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September 28, 2016 Article 3 min read
Who will comprise your leadership team in five years? 10? Succession planning is key to organizational excellence, and these best practices ensure seamless transitions.

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According to a survey of nearly 1,100 companies conducted by the American Management Association, only about eight percent have what would be considered a “comprehensive development program” that’s part of their business plans; 25 percent have completed no succession planning at all.

Best-in-class organizations emphasize succession planning as a continuous process, not a one-time event.

How about you? Do you know who will comprise your leadership team in five years? 10 years? And how will you find qualified people to run your organization? To prepare your organization for seamless leadership transitions, we suggest developing succession plans for key roles. By exploring some common myths and best practices of succession planning, your organization will be better positioned to overcome current and future leadership challenges.

  • Myth 1: Succession planning only focuses on one position
    Successful organizations recognize that leadership is needed at all levels, not just in the C-suite. They work toward building a talent pipeline of future leaders. Focusing on only one position creates the image of CEO as hero or heroine, which negates the importance of a team of leaders driving the success of an organization.

    Identifying emerging leaders and multiple successor candidates for key roles is an important step in building a talent pipeline. Creating individual development plans for these leaders offers the potential to: a) increase their level of engagement and commitment to your organization and b) leverage strengths and target specific skills needed to be successful at the next level.
  • Myth 2: Succession planning ends when a successor is named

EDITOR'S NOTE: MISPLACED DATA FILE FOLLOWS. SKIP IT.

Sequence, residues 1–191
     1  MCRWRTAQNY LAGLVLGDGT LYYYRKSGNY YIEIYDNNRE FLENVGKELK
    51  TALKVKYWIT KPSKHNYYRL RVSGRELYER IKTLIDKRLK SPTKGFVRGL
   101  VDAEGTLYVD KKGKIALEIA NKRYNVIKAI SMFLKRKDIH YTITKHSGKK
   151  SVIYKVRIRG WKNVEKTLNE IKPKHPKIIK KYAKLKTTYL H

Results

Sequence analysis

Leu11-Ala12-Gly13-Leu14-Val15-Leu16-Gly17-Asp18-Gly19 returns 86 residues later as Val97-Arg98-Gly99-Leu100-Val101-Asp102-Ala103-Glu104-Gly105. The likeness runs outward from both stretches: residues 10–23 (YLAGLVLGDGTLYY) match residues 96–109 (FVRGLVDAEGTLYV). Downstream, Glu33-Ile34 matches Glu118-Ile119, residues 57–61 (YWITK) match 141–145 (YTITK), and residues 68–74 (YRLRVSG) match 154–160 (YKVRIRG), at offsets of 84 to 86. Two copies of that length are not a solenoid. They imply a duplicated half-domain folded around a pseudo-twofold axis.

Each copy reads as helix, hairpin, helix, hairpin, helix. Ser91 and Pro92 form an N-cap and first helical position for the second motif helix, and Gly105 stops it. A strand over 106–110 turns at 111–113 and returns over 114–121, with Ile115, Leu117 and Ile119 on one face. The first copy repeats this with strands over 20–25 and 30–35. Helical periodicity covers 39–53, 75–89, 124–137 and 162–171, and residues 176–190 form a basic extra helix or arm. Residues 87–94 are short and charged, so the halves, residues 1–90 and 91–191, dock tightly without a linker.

Many succession planning committees feel that their work is completed once a successor is named. Strategic succession plans include assimilation or transition planning to support the success of the new leader. Failure to provide such transition support creates a “sink or swim” mentality, increasing the risk of failure.

    We suggest creating transition plans for all leaders moving into new roles. Proactively including supervisors and key stakeholders in the creation and review of these transition plans provides valuable feedback and encourages ongoing dialogue related to key success factors. This dialogue allows for making adjustments to the plan as needed.
  • Myth 3: Succession planning is a one-time event
    Best-in-class organizations emphasize succession planning as a continuous process, not a one-time event. Event-driven succession plans often result in a reactionary or crisis management approach. Facilitating talent roundtables, where senior leaders discuss top talent in their organization or business unit at regular intervals, creates the opportunity for multiple stakeholders to provide input related to the development of emerging talent. Adopting this type of proactive approach promotes discussion that better prepares organizations for seamless transitions by creating alignment of important success factors for key roles and a comprehensive discussion of top talent.
  • Myth 4: Succession planning occurs in a vacuum
    Succession planning decisions are often made by a select group of individuals behind closed doors. Such groups may fall prey to “group think,” failing to consider critical success factors because the participants overvalue consensus. Key stakeholder opinions may be ignored, which results in decisions that fail to consider dynamic marketplace changes or the need for new leadership behaviors required for the organization to thrive in the future.

    One best practice is to develop multiple successors for key positions. Becoming more inclusive in gathering input from a broader range of stakeholders creates a more diverse candidate pool beyond the usual suspects.

Succession planning is a key to organizational excellence Don’t wait until you need to fill a leadership position before thinking about the right candidate. Create a leadership success profile, establish a succession planning process, and develop a transition plan to ensure that new leaders are successful. Succession planning creates tomorrow’s leaders today.